Marsei gives Camillo a sympathetic little expression, a fleeting indication that she might be aware that he doesn't hold the two incidences in the same category. "If that's true, we could all learn something from cats," she posits with a light air; amusing, but not without thought. "Keeping out of trouble, I mean." She picks her embroidery back up but has little true interest in continuing with the needle, simply picking it up for the sake of doing something with her hands now that the more favourable pastime is in hiding under the chair. Some of the stitches have, besides, become frayed or undone by the kitten's tear across it, not that it was a particularly notable work of art to begin with.

Camillo watches the kitten. "Does it come to you of its own accord?" he wonders. "Or do you usually pick it up or give it something to hunt nearby?"

He watches the cat and Marsei watches him, intrigued somehow by his questions. The kind of questions someone more unfamiliar with living side-by-side with a cat would produce. "All of those things," she answers brightly. "It comes and goes, and sometimes it stays if I pick it up while other times sometimes it wanders off right away unless there's something to eat or play with." And who can blame it?, her tone suggests affectionately toward the critter. "You've never cared for an animal that wasn't a work animal," she supposes.

Camillo looks thoughtful about that answer, and then about what he's going to say in return to her supposition. "I don't suppose I've known many animals who didn't have a task to do, my lady. Small folk…we don't always have enough food for ourselves to eat. If there's an animal, then we have to have some way to have the surplus to feed it. And most animals are inclined to work." Or so he thinks.

The lady nods a little in understanding, of this life that is not hers. "Not cats," she points out, far more curious than contrary. "Unless it is in their nature, like catching mice. And like chickens, to lay eggs. Have you ever wondered if horses like to be ridden and pull carts?" She seems to be wondering it herself this very moment, gaze grown slightly distant upon this new enigma.

Camillo tilts his head. "Perhaps they do not like it, my lady, but they are born for it. We train them to it. There are many people, too, who are not happy with their work, but they must work if they wish to eat." Which, of course, doesn't include noble people.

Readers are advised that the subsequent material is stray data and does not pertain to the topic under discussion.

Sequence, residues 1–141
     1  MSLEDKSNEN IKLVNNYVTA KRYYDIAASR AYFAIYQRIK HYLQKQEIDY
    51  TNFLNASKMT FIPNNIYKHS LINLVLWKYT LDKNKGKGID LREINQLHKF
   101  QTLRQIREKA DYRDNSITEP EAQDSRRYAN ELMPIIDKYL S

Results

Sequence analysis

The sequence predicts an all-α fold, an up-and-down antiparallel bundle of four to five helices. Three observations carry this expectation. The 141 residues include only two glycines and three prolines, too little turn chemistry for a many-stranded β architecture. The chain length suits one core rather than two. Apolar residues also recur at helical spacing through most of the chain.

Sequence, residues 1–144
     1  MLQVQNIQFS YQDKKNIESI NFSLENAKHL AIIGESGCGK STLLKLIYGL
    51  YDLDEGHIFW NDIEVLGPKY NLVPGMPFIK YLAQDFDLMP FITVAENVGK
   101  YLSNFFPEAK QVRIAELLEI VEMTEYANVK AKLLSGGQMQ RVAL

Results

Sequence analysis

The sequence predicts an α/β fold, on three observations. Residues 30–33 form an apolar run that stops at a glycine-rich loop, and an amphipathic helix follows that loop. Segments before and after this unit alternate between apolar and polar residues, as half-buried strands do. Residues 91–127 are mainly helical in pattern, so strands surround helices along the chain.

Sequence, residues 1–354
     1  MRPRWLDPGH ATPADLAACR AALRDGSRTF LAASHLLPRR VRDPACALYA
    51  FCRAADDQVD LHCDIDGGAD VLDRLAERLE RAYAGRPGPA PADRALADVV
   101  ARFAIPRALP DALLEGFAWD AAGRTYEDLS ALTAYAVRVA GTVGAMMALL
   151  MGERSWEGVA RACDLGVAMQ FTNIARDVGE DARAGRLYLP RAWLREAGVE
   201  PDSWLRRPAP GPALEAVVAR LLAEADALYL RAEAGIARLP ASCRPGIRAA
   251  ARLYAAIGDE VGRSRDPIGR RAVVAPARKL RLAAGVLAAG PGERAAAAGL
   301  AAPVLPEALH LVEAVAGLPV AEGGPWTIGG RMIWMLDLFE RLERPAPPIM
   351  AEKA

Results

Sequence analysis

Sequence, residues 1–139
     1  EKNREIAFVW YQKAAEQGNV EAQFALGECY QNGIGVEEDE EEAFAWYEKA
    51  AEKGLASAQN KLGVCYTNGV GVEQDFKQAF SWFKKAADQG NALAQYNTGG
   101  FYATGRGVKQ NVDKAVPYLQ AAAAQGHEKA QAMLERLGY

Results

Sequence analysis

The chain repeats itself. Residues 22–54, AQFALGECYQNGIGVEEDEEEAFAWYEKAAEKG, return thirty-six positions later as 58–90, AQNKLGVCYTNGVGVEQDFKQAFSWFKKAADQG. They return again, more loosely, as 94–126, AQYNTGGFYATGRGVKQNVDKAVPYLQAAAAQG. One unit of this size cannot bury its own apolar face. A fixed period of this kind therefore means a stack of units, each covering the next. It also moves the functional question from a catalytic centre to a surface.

"Yes…" Marsei considers, leaning down whilst thinking on this, reaching out to try to lure the kitten from beneath the chair with a bit of dancing string. It peeks its head out, sees Camillo, and scrambles back under. "Perhaps we are all born and raised for a purpose, but that doesn't mean that purpose is in our nature. I suppose that is why sometimes horses bite and good dogs go mad." She settles back and looks down at her uneven embroidery. "As well as people."

"I think maybe thinking too much about purpose and nature is…to hard for most of us," Camillo concludes, frowning thoughtfully. "I talk to so many people who all have different ideas about what people are for and how they should live." He pauses, "My lady, does it not seem like there are more foreigners about than there used to be?"

Marsei is delving into thought about nature and purpose whether or not it is too hard, perhaps to her detriment, given the faint frown her mouth begins to take on. She's begun idly pulling threads from her needlework and halts to consider Camillo's question. "I … can't say that I'm sure," she admits. A look drifts up to Camillo, questioning. "There have always been so many people coming into port in Oldtown, and … the Dornish are either scarce or flush depending on the state of politics at any given time, it seems, but they are only from as far away as across the Red Mountains."

Since the kitten is hiding, Camillo tries moving his position slightly so the kitten won't see him as easily if she pokes her head out. "The other night I was walking and saw a light and there were two people about to worship at the godswood tree, I think. With a sacrifice of a rooster. What do you think of that, my lady? Other people's ways?"